It was impossible to prosecute these crimes as long as Fujimori was in power, but in 2000 feminist began to campaign for prosecution of Fujimori and his three top health officials, Eduardo Yong, Marino Cota and Alejandro Aguinaga.  A case was brought in 2003.  It dragged on until 2009, when prosecutor Jaime Schwartz Azpur came into office and immediately closed the case.

The women’s movement appealed to the Inter-American Commission on Human Rights and, as a result, the Peruvian case was reopened in 2011. This time it seemed to be progressing smoothly - until last month, on January 22, when the new public Prosecutor Marco Guzman decided to close the case for the second time.  He said the category of “crimes against humanity” fit only one individual, Mamerita Mestanza Chavez, who died - like many others - because of the state’s sterilization policy.  In her case, four low-ranking doctors had already been found guilty.  

Interestingly, Prosecutor Marco Guzman decided to drop the case right after taking testimony from Fujimori on January 15th.  He also gave the petitioners in the case only one weekend - from Thursday January 22 to Monday January 28 - to respond.  Many believe he is playing politics, and was influenced by powerful interests who still support Fujimori.  Certainly it would be more convenient for Fujimori supporters if the forced sterilization of thousands of women was reduced to a crime against one individual.

Fujimori returned to Peru in 2006, hoping to run for re-election; in 2009 he was convicted of both corruption and massive human rights abuses committed during his campaign against the leftwing terrorist group Sendero Luminoso.  But even though Fujimori is now in jail, he still has a lot of popular support; his daughter Keiko came in second in the Presidential election of 2011, losing to President Ollanta Humala in a runoff.  Now Fujimori’s supporters are trying to get him freed before the next election. Another trial would not be helpful to this cause. Maria Esther Mogollón of  MAM told me she suspects the Prosecutor backed down because of Fujimori’s influences in the Judicial Branch, since his involvement in this case could increase the sum of his convictions for crimes against humanity.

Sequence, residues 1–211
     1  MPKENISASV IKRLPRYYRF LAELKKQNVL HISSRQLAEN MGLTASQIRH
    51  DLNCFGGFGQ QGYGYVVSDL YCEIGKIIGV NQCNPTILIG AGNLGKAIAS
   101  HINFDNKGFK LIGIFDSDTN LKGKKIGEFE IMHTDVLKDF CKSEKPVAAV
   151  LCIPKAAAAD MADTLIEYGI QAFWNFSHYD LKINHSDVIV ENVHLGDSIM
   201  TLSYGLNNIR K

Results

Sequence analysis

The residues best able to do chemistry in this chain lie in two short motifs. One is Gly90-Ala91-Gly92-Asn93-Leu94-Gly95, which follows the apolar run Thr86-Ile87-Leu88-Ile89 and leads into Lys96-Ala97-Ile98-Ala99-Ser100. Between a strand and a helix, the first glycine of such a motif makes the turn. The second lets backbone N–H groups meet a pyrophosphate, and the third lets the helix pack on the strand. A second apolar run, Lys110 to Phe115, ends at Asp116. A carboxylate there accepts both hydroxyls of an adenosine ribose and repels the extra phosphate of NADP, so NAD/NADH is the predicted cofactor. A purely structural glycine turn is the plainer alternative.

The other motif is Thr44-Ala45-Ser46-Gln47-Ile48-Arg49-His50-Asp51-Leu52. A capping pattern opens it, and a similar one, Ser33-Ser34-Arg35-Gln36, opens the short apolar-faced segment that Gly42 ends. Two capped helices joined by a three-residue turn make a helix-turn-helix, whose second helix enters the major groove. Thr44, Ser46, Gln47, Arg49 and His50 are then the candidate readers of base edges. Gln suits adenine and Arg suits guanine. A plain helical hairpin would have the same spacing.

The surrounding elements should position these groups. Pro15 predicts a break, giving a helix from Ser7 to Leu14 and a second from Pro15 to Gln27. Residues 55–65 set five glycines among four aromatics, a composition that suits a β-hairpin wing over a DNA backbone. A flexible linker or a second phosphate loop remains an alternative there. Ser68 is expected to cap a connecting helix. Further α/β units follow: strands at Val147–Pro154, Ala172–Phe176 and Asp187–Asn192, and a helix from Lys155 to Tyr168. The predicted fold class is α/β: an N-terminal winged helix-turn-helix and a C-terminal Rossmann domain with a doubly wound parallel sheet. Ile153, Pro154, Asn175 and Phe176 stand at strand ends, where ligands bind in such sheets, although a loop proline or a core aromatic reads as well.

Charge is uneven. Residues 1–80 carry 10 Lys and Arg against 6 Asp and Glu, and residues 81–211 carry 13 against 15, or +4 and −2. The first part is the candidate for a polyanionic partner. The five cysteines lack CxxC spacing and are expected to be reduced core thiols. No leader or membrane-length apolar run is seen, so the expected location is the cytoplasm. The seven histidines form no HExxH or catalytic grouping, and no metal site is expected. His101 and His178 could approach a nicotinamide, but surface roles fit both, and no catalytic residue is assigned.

As soon as the case was dismissed, the Peruvian women’s movement challenged the Prosecutor’s report.  “There was enough evidence to prove this was a crime against humanity,” Hilaria Supa said.  Several organizations held sit-ins and protests in Lima and Cusco and the coordinating body for human rights in Peru (Coordinadora Nacional de Derechos Humanos), which represents 81 organizations across the country, said the case was not closed and they would continue to fight.  Rossy Salazar from Demus, another women’s rights organization, told the press that, if necessary, they will appeal to the Supreme State Prosecutor's Office, and would once more take the case to the Inter-American Commission of Human Rights. 

The forced sterilization of hundreds of thousands of indigenous peasant women is surely as great a crime against humanity as others for which Fujimori was tried in the past.  Ending impunity for this violation is essential not only to the restoration of democracy in Peru but to confirm that women’s rights really are human rights.  It is time to stop playing politics with the women whose lives were blighted in such a terrible way; seventeen years has already been too long for them to wait for justice.